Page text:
What can’t a Netbook do?

With their huge popularity, you’d expect Netbooks to be the perfect solution for every computer task. There are however still some things you can’t really do with a Netbook.

Gaming – Don’t worry, you’ll still be able to play Solitaire and Minesweeper on a Netbook. Just don’t expect to be able to run graphics intensive games. Many games will also run into problems with the relatively low resolution of the Netbook screen.

Multimedia – almost everything you can do on a “normal” computer will still work just fine on a Netbook. This includes iTunes, Windows Media player and most other media playing applications. A Netbook will have no problems playing large video files, but files in HD quality may be a tad too demanding for the graphics chip inside the machine. Because Netbooks are small, you won’t find a DVD player in them, so if you need to watch DVD’s, you’ll need to “rip” the movie to your hard disc, or purchase an external DVD drive (which pretty much defeats the purpose of a small machine).

There are plenty of other things Netbooks are not very good at – depending on the brand and model of Netbook you purchase, you may get a machine with a fairly small keyboard, so don’t plan to write your next bestseller on it. Also, folks with poor eyesight may find the small screens to be a bit too small, it is just another price you pay for having a light machine.

Picking a Netbook

When you start considering the purchase of a Netbook, you need to ask yourself whether you can live with the limitations the machine presents.

Most Netbooks are often in the same price range of a regular notebook, and that regular notebook has a much larger screen, a DVD drive, full size keyboard and more.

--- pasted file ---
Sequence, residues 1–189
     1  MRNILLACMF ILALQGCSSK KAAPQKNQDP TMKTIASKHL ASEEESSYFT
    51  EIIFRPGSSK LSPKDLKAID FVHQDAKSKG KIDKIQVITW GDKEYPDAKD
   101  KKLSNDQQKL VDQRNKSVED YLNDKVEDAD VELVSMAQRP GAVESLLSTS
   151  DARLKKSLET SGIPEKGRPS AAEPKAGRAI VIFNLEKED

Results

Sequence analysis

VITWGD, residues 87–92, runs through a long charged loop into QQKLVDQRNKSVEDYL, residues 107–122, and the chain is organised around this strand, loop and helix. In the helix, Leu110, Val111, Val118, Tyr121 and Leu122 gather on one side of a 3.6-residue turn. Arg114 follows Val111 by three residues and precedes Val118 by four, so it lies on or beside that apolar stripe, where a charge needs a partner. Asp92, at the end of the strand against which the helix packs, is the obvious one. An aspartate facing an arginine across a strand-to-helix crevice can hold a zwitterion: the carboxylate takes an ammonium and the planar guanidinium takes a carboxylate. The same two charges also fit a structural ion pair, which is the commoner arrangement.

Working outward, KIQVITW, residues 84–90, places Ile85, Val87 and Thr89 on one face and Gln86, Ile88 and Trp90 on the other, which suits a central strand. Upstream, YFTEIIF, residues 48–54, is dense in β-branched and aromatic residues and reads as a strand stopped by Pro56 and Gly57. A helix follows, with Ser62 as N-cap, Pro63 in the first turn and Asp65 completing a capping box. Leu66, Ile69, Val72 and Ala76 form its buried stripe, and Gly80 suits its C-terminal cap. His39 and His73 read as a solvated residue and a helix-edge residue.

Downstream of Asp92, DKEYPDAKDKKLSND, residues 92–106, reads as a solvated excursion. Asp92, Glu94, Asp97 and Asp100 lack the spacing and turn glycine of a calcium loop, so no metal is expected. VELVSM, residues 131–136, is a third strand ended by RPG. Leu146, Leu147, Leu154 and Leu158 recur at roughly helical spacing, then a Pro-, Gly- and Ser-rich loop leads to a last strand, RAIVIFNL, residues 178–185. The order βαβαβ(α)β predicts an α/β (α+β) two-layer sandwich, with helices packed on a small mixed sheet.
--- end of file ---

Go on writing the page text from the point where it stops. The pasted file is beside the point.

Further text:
Let me give you a closer look at one of the most popular Netbooks on the market at the moment, the $349 Acer Aspire One:

This machine weighs just 2.3lbs and has an 8.9″ screen with a resolution of 1024×600 pixels. The Aspire One runs on an Intel Atom processor, at 1.6GHz.

The Aspire One is available in several “flavors”; with a solid state hard drive, or with a standard hard drive.

When you start shopping for a Netbook, your first choice will be whether you want a Linux based machine, or Windows. My personal opinion is that while Linux may be a cheap option, it really does not make sense to learn an entirely new operating system when the Windows XP option is just a few bucks more.

The second choice you’ll need to make involves the hard drive. The cheapest options usually involve solid state drives (referred to as SSD). SSD drives are pretty new in the consumer market, and their size is usually limited to about 8 or 16GB. If you plan to use your machine for nothing more than some basic web browsing and email, then the SSD drive will be just fine. If you need to store large files like movies or music, then you will most certainly want to consider a regular hard drive. These drives usually start around 80GB up to 160GB in most Netbooks.

One other advantage of SSD drives is that they are more shockproof than conventional hard drives, since they don’t use any moving parts.

Finally, but just as important; you will need to carefully select a battery. Most machines come with a three cell battery pack, which is good enough for about 2-3 hours of work. If you are often stuck in coach without a power port, then that may not be long enough. If you need more power, you’ll have to find yourself a Netbook with a 6 cell battery. This power source should last up to 5 hours, but there is a trade off; the battery pack adds a lot of weight and bulk to the machine, and these 6 cell packs often stick out the back by an inch or more. Another solution is to carry an external battery pack, like those offered by APC. Of course, with a larger battery, you once again lose a lot of the benefits of a nice small machine.

So there you have it; a Netbook is a small laptop, nothing more and nothing less. But it is without a doubt the biggest thing to happen in computers all year. In just 12 months, we went from one model Netbook, to well over 50. If you travel a lot, and you’d like to shave a couple of pounds off your carry-on bag, then a Netbook may be the perfect solution for you.